How Is India Approaching a Water Crisis Tipping Point, According to the UN?

Sectoral News: Countries like Saudi Arabia have exceeded the tipping point for groundwater risk & others, India included, are perilously close. India ranks as the world's largest consumer of groundwater, surpassing both US and China combined.

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The recently released "Interconnected Disaster Risks Report 2023" from the United Nations University – Institute for Environment and Human Security (UNU-EHS) draws attention to a pressing issue in the Indo-Gangetic basin. In some parts of India, the report reveals that the critical groundwater depletion tipping point has already been breached, while the entire northwestern region is on course to experience severely reduced groundwater availability by 2025.

Environmental Tipping Points

The report underscores the significance of environmental tipping points, representing pivotal thresholds in the Earth's systems. These junctures herald abrupt and frequently irreversible transformations, ushering in profound and, at times, catastrophic alterations to ecosystems, climate patterns, and the broader environment.

Agricultural Water Demand and Aquifers

Groundwater withdrawals, predominantly for agriculture (comprising approximately 70 percent of total withdrawals), are crucial when surface water sources prove inadequate. Aquifers, concealed underground reservoirs, play an indispensable role in alleviating agricultural losses during droughts, a challenge set to intensify due to climate change.

The report illuminates the encroaching tipping point of aquifers themselves. A disconcerting reality is that more than half of the world's significant aquifers are declining at a pace outstripping natural replenishment. As the water table descends below the level accessible by existing wells, the risk of farmers losing access to water amplifies, thus endangering entire food production systems.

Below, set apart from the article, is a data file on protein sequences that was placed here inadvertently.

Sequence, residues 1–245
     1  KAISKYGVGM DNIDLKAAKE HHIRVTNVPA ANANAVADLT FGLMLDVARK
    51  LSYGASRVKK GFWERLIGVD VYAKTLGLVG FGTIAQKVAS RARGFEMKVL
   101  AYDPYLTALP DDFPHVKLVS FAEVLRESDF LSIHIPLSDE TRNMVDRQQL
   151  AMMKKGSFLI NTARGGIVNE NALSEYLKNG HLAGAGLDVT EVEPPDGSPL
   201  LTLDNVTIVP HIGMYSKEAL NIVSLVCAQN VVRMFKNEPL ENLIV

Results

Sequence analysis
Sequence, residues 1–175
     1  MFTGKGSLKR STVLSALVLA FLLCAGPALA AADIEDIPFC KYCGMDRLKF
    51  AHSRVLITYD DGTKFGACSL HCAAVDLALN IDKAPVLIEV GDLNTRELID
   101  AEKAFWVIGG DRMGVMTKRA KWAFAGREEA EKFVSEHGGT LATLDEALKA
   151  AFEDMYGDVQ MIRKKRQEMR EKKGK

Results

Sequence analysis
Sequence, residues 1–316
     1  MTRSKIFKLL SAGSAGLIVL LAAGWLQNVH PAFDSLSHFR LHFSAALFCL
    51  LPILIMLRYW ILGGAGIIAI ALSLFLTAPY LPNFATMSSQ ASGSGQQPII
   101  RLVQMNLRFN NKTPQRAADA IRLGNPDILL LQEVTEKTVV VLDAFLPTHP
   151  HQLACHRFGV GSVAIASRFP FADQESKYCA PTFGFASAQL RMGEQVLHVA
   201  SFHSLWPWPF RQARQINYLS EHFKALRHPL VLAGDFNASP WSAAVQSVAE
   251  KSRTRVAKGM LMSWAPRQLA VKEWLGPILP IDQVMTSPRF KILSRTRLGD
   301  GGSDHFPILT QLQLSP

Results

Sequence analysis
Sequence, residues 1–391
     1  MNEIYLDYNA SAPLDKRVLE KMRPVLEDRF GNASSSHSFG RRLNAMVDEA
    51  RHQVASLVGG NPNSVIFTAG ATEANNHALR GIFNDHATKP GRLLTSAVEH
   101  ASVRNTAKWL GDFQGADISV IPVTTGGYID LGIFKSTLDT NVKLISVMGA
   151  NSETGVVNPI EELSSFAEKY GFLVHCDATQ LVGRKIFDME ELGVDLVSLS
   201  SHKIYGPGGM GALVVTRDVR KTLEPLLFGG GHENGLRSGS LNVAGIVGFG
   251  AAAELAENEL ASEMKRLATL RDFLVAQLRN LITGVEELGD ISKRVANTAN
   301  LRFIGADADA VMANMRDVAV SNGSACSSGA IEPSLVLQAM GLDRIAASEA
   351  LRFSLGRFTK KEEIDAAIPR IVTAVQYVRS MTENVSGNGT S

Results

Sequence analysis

Global Groundwater Depletion

Countries, such as Saudi Arabia, have already exceeded the tipping point for groundwater risk, and others, India included, are perilously close to it. India notably ranks as the world's largest consumer of groundwater, surpassing both the United States and China combined. The northwestern region, notably Punjab and Haryana, plays a pivotal role in India's agricultural output, yielding a significant portion of the nation's rice and wheat supply. Alarming data within the report asserts that 78 percent of wells in Punjab are currently deemed overexploited, while the entire northwestern region is predicted to confront critically low groundwater availability by 2025.

Urgent Call for Action

The report's lead author, Jack O'Connor, a senior expert at UNU-EHS, emphasizes the urgent necessity for action. As we approach these environmental tipping points, their ramifications are already manifesting. Crossing these thresholds often implies consequences that are challenging to reverse. The report serves as an invaluable tool for recognizing these risks, comprehending their underlying causes, and catalyzing the imperative changes needed to avert impending environmental crises.